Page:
A detailed cryptanalysis of Playfair is undertaken in chapter 28 of Dorothy L. Sayers' mystery novel Have His Carcase. In this story, a Playfair message is demonstrated to be cryptographically weak, as the detective is able to solve for the entire key making only a few guesses as to the formatting of the message (in this case, that the message starts with the name of a city and then a date). Sayers' book includes a detailed description of the mechanics of Playfair encryption, as well as a step-by-step account of manual cryptanalysis.
The German Army, Air Force and Police used the Double Playfair system as a medium-grade cipher in WWII, but as they had broken the cipher early in WWI, they adapted it by introducing a second square from which the second letter of each bigram was selected, and dispensed with the keyword, placing the letters in random order. But with the German fondness for pro forma messages, they were broken at Bletchley Park. Messages were preceded by a sequential number, and numbers were spelt out. As the German numbers 1 (eins) to twelve (zwölf) contain all but eight of the letters in the Double Playfair squares, pro forma traffic was relatively easy to break (Smith, page 74-75)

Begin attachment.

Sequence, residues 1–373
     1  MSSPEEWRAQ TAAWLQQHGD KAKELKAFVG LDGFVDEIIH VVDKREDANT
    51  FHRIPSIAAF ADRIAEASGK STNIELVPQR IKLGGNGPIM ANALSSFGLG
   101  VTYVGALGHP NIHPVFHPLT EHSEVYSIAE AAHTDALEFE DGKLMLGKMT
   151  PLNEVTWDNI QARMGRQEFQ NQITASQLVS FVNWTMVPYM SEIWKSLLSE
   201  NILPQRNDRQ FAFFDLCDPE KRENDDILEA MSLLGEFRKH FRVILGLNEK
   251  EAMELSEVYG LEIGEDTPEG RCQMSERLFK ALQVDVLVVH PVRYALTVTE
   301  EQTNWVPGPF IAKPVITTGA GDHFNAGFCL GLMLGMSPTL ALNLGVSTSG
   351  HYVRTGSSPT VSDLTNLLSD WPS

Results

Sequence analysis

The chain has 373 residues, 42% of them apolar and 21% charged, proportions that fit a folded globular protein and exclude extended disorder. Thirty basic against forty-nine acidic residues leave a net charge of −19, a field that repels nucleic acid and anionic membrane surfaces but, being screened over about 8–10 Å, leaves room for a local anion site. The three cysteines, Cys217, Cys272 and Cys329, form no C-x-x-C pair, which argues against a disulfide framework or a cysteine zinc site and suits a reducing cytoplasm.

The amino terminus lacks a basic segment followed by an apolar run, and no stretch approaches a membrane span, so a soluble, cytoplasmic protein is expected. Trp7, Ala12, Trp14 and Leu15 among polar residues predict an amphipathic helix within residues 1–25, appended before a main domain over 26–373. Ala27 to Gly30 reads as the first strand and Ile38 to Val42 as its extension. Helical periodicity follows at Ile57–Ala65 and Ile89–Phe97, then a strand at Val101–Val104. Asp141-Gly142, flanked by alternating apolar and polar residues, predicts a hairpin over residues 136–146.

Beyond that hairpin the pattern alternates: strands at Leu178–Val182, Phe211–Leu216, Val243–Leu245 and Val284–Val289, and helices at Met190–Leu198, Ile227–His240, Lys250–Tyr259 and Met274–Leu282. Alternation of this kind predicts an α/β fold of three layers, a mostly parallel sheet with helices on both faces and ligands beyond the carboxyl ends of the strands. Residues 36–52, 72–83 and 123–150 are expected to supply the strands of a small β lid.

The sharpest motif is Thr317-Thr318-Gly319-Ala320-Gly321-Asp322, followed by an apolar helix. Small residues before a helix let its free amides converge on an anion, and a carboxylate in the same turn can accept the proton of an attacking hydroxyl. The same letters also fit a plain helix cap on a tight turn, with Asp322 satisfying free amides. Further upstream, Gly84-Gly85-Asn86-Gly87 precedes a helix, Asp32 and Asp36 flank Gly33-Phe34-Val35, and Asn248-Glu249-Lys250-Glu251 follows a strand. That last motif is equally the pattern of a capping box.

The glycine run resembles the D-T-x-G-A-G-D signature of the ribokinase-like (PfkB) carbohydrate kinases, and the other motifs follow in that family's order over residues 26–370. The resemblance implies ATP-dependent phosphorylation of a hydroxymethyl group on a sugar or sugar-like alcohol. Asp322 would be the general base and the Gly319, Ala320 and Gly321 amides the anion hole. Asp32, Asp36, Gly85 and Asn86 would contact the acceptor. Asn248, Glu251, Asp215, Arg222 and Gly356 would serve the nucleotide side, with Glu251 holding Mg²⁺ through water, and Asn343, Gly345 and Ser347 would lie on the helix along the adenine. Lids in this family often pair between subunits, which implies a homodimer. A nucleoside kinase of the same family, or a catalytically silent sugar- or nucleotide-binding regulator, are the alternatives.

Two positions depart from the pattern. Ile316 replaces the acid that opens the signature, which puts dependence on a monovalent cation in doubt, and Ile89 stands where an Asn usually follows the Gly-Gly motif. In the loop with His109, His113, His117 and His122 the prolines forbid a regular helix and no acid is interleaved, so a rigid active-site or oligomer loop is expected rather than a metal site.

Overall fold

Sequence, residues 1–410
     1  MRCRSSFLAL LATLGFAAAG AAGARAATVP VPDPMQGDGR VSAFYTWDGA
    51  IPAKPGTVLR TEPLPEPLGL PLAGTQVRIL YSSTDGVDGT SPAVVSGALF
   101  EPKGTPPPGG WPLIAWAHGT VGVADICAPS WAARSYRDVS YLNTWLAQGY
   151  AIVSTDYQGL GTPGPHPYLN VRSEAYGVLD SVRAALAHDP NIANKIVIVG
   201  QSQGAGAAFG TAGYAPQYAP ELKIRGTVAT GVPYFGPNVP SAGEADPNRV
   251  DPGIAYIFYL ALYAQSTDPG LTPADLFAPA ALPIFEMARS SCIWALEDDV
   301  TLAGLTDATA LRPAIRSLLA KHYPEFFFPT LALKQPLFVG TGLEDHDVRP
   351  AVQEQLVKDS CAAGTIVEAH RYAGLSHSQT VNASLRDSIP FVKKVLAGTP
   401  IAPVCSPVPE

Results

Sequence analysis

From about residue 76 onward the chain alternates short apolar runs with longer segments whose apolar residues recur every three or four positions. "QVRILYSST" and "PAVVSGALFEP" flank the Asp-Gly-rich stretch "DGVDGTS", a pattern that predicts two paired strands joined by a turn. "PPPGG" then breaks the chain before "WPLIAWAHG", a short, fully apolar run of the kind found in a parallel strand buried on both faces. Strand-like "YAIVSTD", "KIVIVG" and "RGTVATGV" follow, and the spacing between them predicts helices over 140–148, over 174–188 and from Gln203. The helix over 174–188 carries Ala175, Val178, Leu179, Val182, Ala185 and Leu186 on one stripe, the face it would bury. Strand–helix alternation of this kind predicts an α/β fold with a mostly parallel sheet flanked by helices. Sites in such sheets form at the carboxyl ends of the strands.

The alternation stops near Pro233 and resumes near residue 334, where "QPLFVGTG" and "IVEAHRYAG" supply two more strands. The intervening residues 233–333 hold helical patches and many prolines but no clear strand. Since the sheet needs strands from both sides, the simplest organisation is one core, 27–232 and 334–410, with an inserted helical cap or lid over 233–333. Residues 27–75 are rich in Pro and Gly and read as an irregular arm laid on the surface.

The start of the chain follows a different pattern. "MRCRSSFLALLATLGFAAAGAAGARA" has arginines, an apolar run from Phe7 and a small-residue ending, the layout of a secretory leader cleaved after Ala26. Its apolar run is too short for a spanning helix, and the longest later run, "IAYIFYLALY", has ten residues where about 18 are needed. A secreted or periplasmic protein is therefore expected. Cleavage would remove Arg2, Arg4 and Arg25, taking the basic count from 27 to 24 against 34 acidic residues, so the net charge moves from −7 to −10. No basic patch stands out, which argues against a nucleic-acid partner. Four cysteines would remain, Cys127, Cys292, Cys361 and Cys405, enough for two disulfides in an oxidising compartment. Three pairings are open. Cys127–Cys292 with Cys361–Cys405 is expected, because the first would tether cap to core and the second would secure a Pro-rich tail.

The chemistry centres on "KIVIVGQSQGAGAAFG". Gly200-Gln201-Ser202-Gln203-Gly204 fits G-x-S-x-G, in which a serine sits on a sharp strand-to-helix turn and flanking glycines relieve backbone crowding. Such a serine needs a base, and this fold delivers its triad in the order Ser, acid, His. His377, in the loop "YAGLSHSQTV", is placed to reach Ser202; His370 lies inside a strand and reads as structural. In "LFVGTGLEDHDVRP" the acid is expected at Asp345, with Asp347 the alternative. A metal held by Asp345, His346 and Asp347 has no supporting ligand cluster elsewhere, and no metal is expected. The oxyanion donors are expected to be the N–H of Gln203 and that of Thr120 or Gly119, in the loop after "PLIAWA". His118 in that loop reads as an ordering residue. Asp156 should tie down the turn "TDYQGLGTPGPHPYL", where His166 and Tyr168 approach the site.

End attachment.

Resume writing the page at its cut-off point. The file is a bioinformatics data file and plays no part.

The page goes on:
Computer-run block ciphers work in a manner similar to Playfair’s: they break the original message into blocks of characters and apply a complex mathematical transformation, based upon the key, to each of those blocks.
Naturally, modern ciphers are not restricted to upper-case, no-punctuation, J-less messages. Any form of data that can be stored on a computer can be encrypted with a modern cipher.
A modern block cipher can be run in a mode similar to that of Playfair, where the same block (in Playfair, a pair of letters) always encrypts to the same bit of ciphertext: in our example, CO will always come out as OW. Indeed, many poorly written encryption programs use just this technique, called Electronic Codebook, or ECB.